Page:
There are no frills on Zoé Zoe's Church EP. There are no leftfield curveballs, ambitious bendings of genre, or avant-garde experimentations—and that's certainly not to the record's detriment. Rather than attempting to create a daring new sound or spearhead a micro-movement, the elusive Lithuanian producer born Mantas Stonkus has achieved a more modest (but no less demanding) accomplishment: he has crafted an expertly tailored bundle of deep-house tunes on what appears to be his first official release as Zoé Zoe.
His outstanding work has not gone unnoticed. Most notably, the titular track was featured on the recent DJ-Kicks mix by house phenom Maya Jane Coles, where it was placed alongside cuts by venerated artists like Claro Intelecto and Virgo Four. "Church" is a big-room house bomb with a lot of flash and intensity packed into its blazing cord stabs and booming, garage-leaning drums and bass. The cramped mix gives way to a wobbly refrain built around a woozy melody and pitched vocals that sound like they're being played in reverse, which pits the hard-hitting 130-bpm percussion against moments that seem to be moving in slow motion. In the end, the song's fierce, charging vigor is matched only by its precision.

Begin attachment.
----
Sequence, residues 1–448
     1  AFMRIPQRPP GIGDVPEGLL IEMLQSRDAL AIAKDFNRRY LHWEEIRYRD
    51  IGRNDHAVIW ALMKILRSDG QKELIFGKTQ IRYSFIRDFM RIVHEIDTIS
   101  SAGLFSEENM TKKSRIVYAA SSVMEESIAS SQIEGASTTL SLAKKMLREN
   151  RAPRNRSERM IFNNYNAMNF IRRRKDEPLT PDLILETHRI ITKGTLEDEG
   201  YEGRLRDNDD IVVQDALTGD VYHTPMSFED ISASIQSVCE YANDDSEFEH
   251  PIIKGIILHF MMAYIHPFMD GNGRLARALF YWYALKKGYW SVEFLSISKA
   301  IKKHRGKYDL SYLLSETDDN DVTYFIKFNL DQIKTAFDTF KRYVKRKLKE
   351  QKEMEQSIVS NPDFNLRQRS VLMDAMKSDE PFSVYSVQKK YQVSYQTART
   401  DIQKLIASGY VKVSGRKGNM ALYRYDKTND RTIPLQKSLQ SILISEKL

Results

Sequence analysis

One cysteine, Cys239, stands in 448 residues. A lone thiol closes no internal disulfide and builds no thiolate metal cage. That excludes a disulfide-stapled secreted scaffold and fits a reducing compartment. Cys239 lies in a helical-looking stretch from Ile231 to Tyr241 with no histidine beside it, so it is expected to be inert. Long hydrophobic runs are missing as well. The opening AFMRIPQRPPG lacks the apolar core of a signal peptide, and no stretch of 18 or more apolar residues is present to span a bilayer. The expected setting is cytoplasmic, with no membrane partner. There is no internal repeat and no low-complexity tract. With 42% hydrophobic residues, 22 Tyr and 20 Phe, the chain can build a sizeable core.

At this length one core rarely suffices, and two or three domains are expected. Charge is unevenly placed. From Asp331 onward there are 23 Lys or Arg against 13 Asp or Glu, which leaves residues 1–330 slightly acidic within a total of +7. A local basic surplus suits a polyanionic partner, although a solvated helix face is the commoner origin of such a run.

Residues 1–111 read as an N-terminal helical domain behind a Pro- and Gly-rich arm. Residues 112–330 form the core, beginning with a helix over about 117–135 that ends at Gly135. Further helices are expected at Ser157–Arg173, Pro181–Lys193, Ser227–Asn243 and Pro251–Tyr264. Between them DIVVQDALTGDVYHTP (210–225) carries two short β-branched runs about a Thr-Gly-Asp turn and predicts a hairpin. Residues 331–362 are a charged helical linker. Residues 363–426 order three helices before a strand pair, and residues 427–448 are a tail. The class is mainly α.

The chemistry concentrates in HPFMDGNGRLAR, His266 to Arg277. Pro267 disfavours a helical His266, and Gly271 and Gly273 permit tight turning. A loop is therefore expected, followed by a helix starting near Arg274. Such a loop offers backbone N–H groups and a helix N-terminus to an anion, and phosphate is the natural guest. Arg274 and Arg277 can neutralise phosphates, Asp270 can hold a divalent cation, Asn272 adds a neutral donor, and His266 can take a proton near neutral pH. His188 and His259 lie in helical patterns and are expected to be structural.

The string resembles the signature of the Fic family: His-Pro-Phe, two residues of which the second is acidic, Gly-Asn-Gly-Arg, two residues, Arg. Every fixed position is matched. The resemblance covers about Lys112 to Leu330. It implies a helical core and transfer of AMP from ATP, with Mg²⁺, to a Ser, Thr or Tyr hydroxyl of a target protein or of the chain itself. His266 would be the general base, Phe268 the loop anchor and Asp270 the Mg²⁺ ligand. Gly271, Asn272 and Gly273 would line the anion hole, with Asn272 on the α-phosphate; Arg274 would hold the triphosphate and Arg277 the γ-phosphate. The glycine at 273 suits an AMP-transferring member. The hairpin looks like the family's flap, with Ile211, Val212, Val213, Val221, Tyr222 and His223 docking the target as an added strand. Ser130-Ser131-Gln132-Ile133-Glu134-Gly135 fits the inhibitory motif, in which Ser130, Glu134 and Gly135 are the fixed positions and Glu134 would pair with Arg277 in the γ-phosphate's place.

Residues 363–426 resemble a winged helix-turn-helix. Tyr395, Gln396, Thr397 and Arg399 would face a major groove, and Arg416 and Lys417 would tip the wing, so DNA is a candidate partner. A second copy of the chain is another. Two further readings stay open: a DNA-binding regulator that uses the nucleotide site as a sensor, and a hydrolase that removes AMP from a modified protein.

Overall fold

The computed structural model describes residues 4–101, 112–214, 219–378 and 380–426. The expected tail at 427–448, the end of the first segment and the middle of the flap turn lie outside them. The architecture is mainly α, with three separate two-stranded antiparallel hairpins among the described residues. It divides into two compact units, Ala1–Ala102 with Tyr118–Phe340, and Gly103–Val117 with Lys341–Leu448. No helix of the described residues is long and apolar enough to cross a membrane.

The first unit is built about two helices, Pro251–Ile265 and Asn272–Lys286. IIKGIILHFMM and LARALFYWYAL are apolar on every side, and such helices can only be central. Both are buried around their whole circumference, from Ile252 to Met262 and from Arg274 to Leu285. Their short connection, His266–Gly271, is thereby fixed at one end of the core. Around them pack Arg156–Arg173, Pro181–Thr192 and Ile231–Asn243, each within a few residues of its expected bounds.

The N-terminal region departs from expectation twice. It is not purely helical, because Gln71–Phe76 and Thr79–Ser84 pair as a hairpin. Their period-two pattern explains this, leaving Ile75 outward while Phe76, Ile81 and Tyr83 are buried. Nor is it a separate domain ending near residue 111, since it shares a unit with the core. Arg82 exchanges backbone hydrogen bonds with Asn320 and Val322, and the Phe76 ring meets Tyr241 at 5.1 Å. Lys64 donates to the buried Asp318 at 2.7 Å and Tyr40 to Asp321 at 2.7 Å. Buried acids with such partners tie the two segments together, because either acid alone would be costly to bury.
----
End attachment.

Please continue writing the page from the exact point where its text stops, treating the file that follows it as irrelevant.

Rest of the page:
Outside of the EP's centerpiece, Stonkus' work remains airtight. "Hollow" is a more eerie, quieter take on the sounds he tackled on "Church," with wavering synths and softer, shuffling garage percussion. The record's final track, "October," employs similarly dizzy synth pads and breathy percussion while Markus assembles a tiny melody beneath layers of soaring cords, pulsing kicks, and foggy vocals, but the song's tempered mood and attention to minute loveliness keeps the proceedings from going stale. It's a fine example of why the Church EP stands out—not because its sounds are entirely novel, nor because it makes strides down some less-traveled musical paths, but due to its mastery of established sounds and forms. None of Zoé Zoe's tricks are new, but they are certainly well executed.